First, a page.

CBI: UK manufacturing drops but firms expect improvement

Posted on: July 25th, 2019 by cbmEditor

CBI: UK manufacturing drops but firms expect improvement

The CBI quarterly Industrial Trends Survey for the quarter to July reports that manufacturing activity dropped but firms expect a slight recovery in the next few months.

New orders declined sharply in the quarter, from both domestic and export customers, with overall order books reported as below normal to the greatest extent since 2010.
Manufacturer inventories of both raw materials and finished goods continued to grow but at a slower pace than in the three months to April.

Here is the summary of the survey:
Key findings:
• 10% of firms said they were more optimistic about the general business situation than three months ago and 42% were less optimistic, giving a balance of -32%. Optimism about export prospects for the year ahead (-29%) worsened compared last quarter (-21%)
• 19% of firms said the volume of output over the past three months was up and 30% said it was down, giving a balance of -11%
• 24% of businesses reported a rise in new orders, and 38% reported a decrease, giving a rounded balance of -15% compared to +5% in the three months to April. Domestic orders dropped (-19% from +4% in April), and export orders fell (-28% from -3% in April), both at their respective quickest paces since the financial crisis
• Stocks of raw materials (+10% from +39% in April) and finished goods (+14% from +25% in April) grew at a noticeably slower pace in the three months to July, while stocks of work in progress were roughly flat (+2% from +21% in April), following record acceleration last quarter in all three categories
• 19% of manufacturers said employee numbers were up in the quarter to July, while 27% said they were down, giving a balance of -8% (from +9% in April)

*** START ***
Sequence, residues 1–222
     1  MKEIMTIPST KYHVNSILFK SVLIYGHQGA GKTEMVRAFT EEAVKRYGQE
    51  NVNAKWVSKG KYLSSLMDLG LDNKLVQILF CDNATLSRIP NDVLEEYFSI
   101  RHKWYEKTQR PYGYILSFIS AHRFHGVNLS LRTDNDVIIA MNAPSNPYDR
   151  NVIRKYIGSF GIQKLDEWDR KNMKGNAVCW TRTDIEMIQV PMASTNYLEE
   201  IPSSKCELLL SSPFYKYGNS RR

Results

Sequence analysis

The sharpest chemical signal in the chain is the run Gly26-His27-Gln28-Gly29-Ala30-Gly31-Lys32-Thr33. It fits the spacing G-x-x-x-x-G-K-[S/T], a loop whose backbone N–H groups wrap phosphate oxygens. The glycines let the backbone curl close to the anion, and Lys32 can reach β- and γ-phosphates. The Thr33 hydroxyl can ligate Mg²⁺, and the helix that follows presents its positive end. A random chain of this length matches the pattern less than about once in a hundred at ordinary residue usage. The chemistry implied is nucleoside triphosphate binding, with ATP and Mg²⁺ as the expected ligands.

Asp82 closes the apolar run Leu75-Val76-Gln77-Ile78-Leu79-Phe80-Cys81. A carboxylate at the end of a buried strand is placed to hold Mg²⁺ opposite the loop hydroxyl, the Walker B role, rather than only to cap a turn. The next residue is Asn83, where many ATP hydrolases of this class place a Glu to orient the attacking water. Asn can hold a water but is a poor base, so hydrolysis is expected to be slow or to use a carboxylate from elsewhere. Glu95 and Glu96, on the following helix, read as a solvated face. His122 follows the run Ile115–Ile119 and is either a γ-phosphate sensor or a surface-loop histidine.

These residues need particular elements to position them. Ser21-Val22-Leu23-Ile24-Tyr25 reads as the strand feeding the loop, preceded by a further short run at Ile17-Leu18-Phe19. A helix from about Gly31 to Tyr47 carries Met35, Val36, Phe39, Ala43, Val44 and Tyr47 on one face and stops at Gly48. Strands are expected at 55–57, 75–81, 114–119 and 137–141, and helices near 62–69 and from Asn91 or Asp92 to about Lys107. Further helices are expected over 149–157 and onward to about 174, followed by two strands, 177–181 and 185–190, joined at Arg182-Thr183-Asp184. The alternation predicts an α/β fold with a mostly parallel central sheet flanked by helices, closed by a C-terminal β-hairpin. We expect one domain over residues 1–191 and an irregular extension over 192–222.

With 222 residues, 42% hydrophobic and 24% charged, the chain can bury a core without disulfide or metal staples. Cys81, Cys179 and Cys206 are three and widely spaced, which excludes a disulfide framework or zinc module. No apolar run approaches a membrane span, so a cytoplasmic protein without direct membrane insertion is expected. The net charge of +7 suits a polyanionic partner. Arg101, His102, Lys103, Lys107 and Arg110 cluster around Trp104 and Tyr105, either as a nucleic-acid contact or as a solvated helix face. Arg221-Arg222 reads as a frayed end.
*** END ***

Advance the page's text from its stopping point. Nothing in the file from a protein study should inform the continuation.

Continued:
• Growth in average unit costs (+15%) in the quarter to July grew at their slowest rate since July 2016
• Average domestic prices in the three months to July (-2% from +11% in April) were broadly flat
• Average export prices fell (-15% from +3% in the three months to April) at their fastest rate since January 2016
• The proportion of firms working below capacity (59%) was at its highest since April 2013
Key findings – looking ahead:
• Output volumes in the next three months are expected to recover slightly (+6%)
• New orders over the next three months are expected to pick up again (+10%), with domestic orders (+3%) being broadly flat and export orders (+9%) growing at an above-average pace
• The proportion of firms citing political/economic conditions abroad as a factor likely to limit export orders in the next three months (27%) declined noticeably from last quarter (54%)
• Stocks of raw materials (+2%) and work in progress (-2%) are expected to be broadly flat in the next three months, while stocks of finished goods (-13%) are expected to fall
• Employee numbers are expected to pick up again in the next three months (+16%)
• Average unit costs are expected to grow at a slower rate next quarter (+9%)
• Domestic price inflation (+12%) is expected to accelerate next quarter, while export prices (+21%) are expected to pick up sharply
• Planned spending on plant & machinery (-17% from -14% in January) and buildings (-26% from -18% in January) for the year ahead remains negative
• Meanwhile, manufacturers expect investment in training & retraining and product & process innovation in the year ahead to also deteriorate (-11% from +2% and -4% from +2%, respectively, in the previous quarter)
• The factor most cited as likely to limit investment plans in the year ahead was demand uncertainty (64%), with concerns at their most elevated since the financial crisis. Meanwhile, concerns over labour shortages remained heightened (25%).

 

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